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Wednesday, October 08, 2008

All of the following are Digastric muscles except Sternocleidomastoid

Question 5
All of the following are Digastric muscles except
a.       Muscle fibres in the ligament of Treitz
b.      Omohyoid
c.       Occipitofrontalis
d.      Sternocleidomastoid
D) Sternocleidomastoid
Gray 38th Edition Pages 805, 806, 807, 1763, 1764
The digastricus (digastric muscle) consists of two fleshy bellies united by an intermediate rounded tendon. The two bellies of the digastric muscle may have different embryological origins, and are supplied by different nerves.
a)      The terminal part and the duodenojejunal flexure are said to be positioned by the 'suspensory muscle of the duodenum' (suspensory muscle, or ligament, of Treitz), often described as being in two parts:
Ä     a slip of skeletal muscle derived from the diaphragm near its oesophageal opening, ending in connective tissue near the coeliac artery
Ä     a fibromuscular band of smooth muscle, passing from the  duodenum (third and fourth partsand duodenojejunal flexure) to blend with the same pericoeliac connective tissue.
b)      Omohyoid consists of two bellies united at an angle by an intermediate tendon. Superior belly: branches from the ramus superior of the ansa cervicalis (C1). Inferior belly: the ansa cervicalis itself (C2, 3).
c)      Occipitofrontalis covers the dome of the skull from the highest nuchal lines to the eyebrows. The occipital part is supplied by the posterior auricular branch, and the frontal part by the temporal branches of the facial nerve.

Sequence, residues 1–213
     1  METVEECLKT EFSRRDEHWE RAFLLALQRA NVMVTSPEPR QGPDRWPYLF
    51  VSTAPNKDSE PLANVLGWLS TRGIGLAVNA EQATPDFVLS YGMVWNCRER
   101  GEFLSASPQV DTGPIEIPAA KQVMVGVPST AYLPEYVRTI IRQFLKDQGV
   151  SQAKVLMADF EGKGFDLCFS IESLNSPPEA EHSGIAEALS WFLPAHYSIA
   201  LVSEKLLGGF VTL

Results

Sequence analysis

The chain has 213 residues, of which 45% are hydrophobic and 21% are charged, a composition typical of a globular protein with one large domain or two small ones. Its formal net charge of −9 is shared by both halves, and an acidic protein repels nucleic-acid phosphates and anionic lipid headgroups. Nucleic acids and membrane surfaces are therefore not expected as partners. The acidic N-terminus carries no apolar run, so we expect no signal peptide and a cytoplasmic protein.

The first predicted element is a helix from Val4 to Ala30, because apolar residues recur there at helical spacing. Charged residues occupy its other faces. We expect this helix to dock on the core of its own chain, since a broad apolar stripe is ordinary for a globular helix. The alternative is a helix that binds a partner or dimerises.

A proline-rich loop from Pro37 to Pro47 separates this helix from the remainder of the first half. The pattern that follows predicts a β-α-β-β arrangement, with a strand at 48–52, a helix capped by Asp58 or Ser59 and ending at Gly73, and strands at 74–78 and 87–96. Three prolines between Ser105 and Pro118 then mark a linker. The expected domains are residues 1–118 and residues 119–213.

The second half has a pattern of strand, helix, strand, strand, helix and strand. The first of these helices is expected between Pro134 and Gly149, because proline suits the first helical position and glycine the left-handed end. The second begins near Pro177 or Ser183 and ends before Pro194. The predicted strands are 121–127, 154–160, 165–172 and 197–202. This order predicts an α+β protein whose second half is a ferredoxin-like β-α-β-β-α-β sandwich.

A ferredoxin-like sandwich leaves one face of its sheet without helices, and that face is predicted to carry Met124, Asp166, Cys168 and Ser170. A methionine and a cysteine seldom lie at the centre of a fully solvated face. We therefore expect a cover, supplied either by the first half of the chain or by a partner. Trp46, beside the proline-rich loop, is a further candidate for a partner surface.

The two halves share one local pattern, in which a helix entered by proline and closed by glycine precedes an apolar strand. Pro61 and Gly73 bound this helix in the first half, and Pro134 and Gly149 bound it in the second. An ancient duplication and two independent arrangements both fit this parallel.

d)      Sternocleidomastoid (7.63) descends obliquely across the side of the neck and forms a prominent surface landmark (7.62), especially when contracted. It is thick and narrow centrally, and broader and  thinner at each end.
Treítz  described both entities, naming the former der Hilfsmuskel (the accessory muscle). Subsequent authorities  regarded them as a digastric muscle, naming the whole the suspensory muscle of Treitz, a misnomer perpetuated in most textbooks. Confusion was increased by Haley & Peden, who derived the 'suspensory muscle' from the right crus, and by Argème et al, who described an intermediate tendon but regarded this as part of a 'false' digastric muscle. Jit has persistently repeated the dual nature of the original description by Treítz, supporting it by embryological and histological evidence. The diaphragmatic slip (Hilfsmuskel) has no satisfactory official name.
It is supplied, according to Jit, by myelinated nerve fibres probably from the phrenic nerve and is sometimes considered an aberrant part of iliocostalis thoracis. The suspensory muscle proper (smooth muscle) is supplied by autonomic fibres from the coeliac and superior mesenteric plexuses. Descriptions of the duodenal attachments of the muscle vary; none of these accounts contain a convincing view of its function, the usual suggestion being that it augments duodenojejunal flexure, acting like a valve.Muscle fibres in the ligament of Treitz

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